Policymakers at the European Central Bank, or ECB, have warned that key interest rates could go up further after they were raised by an unprecedented 0.75 percentage points in a bid to meet the bank's 2 percent inflation rate target.
Many policymakers saw a growing probability that they will need to further raise the rates to a "restrictive territory" level, or level of rates that will force the economy to slow, the Reuters news agency cited five anonymous sources as saying.
This would most likely happen if the ECB's first inflation projection for 2025, due to be published in December, is still above 2 percent, the sources said.
The ECB currently sees inflation at 2.3 percent in 2024.
The central bank raised its key rates to 1.25 percent on Thursday to combat rising inflation, which has jumped to 9.1 percent, amid soaring energy costs.
In July, the bank had made its first increase in more than 11 years.
"This major step frontloads the transition from the prevailing highly accommodative level of policy rates toward levels that will ensure the timely return of inflation to the ECB's 2 percent medium-term target," the ECB said in a statement.
The United States Federal Reserve recently implemented a similar hike, and the Bank of England will now feel pressure to follow when its policymakers meet next week, reported The Guardian.
The ECB said inflation remains far too high and is likely to stay above target for an extended period.
Its statement said: "Price pressures have continued to strengthen and broaden across the economy and inflation may rise further in the near term. As the current drivers of inflation fade over time and the normalization of monetary policy works its way through to the economy and price-setting, inflation will come down."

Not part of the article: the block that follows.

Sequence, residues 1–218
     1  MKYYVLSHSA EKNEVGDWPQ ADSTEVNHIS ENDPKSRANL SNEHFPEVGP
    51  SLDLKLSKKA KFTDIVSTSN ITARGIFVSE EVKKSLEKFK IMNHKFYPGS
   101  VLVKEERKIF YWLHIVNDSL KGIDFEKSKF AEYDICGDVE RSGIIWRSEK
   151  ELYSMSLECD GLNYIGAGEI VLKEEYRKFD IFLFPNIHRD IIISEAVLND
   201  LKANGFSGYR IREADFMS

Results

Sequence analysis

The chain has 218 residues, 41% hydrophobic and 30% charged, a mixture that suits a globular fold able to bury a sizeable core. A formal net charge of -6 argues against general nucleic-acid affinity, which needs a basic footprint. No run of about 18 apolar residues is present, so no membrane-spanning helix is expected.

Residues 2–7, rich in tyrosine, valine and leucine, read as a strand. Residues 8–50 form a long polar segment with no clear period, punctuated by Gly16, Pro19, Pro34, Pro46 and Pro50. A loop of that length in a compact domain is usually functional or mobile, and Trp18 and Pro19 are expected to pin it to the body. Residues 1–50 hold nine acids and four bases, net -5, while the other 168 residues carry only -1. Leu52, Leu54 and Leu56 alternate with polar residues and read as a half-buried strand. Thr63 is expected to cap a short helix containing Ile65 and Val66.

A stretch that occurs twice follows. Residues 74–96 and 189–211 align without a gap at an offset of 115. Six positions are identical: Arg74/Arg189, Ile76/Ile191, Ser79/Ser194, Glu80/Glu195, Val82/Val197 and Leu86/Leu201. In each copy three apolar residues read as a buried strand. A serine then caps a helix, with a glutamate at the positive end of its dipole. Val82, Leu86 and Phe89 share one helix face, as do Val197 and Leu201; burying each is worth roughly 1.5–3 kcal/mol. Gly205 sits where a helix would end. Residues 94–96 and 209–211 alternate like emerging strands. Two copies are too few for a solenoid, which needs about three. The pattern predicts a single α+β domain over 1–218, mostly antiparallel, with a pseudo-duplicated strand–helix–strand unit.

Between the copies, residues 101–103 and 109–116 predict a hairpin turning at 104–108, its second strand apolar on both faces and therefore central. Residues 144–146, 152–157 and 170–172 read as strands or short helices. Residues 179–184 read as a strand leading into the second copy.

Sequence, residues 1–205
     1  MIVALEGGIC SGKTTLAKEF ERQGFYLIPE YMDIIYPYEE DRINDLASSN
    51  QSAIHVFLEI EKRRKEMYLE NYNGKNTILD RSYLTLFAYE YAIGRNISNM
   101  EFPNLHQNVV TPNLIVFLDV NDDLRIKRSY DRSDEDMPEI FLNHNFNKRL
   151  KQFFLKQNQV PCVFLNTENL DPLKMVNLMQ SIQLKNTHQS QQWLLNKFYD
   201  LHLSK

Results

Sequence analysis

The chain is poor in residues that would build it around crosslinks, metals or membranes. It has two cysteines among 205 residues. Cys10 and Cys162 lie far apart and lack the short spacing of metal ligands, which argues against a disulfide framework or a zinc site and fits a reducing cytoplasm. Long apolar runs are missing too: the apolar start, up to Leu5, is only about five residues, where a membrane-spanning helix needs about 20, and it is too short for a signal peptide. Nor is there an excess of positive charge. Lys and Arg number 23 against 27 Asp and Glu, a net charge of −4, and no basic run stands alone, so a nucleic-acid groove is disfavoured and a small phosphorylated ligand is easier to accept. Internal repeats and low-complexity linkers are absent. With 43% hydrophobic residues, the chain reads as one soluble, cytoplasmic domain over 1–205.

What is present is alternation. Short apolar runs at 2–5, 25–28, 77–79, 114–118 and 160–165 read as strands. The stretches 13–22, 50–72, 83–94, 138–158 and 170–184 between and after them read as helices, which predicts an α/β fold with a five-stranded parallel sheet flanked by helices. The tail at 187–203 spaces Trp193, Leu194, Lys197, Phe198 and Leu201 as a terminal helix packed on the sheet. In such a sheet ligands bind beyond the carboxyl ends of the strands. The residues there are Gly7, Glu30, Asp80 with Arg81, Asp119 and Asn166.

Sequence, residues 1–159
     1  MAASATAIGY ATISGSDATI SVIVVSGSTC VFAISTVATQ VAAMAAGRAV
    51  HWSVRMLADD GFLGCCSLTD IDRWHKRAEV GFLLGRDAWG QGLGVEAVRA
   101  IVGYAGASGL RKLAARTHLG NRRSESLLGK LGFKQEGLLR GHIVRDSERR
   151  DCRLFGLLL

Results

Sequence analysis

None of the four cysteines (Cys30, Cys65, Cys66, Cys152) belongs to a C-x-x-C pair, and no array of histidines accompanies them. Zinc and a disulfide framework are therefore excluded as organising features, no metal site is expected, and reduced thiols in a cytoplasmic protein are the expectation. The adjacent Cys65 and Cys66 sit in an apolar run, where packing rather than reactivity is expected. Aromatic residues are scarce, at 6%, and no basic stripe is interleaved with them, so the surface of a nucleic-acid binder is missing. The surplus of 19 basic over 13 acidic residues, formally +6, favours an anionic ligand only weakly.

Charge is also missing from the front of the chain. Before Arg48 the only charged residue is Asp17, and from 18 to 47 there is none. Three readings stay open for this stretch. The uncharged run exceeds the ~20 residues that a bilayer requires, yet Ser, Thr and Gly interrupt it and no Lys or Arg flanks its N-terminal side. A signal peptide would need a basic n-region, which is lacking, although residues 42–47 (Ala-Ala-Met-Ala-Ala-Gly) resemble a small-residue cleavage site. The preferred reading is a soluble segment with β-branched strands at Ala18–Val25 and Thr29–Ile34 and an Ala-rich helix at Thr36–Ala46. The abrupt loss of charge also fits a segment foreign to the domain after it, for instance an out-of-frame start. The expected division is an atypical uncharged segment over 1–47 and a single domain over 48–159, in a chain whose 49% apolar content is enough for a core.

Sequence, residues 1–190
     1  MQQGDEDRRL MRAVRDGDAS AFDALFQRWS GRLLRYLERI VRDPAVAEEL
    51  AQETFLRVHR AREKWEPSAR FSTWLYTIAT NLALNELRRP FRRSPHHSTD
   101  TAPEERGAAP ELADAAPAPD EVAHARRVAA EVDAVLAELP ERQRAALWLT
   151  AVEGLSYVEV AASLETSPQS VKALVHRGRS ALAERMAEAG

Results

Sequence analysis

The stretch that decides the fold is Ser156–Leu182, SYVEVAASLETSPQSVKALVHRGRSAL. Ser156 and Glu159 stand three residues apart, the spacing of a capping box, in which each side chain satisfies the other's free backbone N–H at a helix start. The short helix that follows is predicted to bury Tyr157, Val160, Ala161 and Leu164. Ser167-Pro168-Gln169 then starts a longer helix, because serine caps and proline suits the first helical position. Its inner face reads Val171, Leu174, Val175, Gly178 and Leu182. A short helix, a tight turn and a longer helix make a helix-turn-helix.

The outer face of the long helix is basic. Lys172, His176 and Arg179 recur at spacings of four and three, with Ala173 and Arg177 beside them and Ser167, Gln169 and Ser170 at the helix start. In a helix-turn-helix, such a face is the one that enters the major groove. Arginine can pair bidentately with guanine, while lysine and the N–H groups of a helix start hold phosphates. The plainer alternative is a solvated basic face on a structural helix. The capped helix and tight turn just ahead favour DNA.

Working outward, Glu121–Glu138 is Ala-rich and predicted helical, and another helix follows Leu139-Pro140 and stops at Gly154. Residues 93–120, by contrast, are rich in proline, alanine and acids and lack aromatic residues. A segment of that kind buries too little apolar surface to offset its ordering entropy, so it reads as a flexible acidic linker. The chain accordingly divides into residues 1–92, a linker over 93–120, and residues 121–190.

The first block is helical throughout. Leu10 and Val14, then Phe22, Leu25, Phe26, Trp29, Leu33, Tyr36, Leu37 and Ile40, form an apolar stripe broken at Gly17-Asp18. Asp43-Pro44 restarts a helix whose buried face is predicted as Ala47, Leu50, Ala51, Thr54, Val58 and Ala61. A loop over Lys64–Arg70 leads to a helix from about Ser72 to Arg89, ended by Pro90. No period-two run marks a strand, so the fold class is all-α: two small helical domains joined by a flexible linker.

ECB President Christine Lagarde said more increases would be required to reach the target.
"We have a goal, we have a mission. We have incredibly high inflation numbers, we are not on target in our forecast and we have to take action," she said.
"What we know is that we want to get that 2 percent medium-term target and we will take the necessary steps along the way in order to get there. We think that it will take several meetings to get there."
Lagarde said the central bank had no control over surging energy costs, and added that if gas prices continue to rise, it would bring a recession.
Analysts said there was a risk that hiking interest rates could lead to slower growth as consumers and businesses delay spending.
The Guardian quoted Carsten Brzeski, eurozone economist at ING Bank, as saying the economy "is far from overheating and will almost inevitably fall into a winter recession, even without further rate hikes".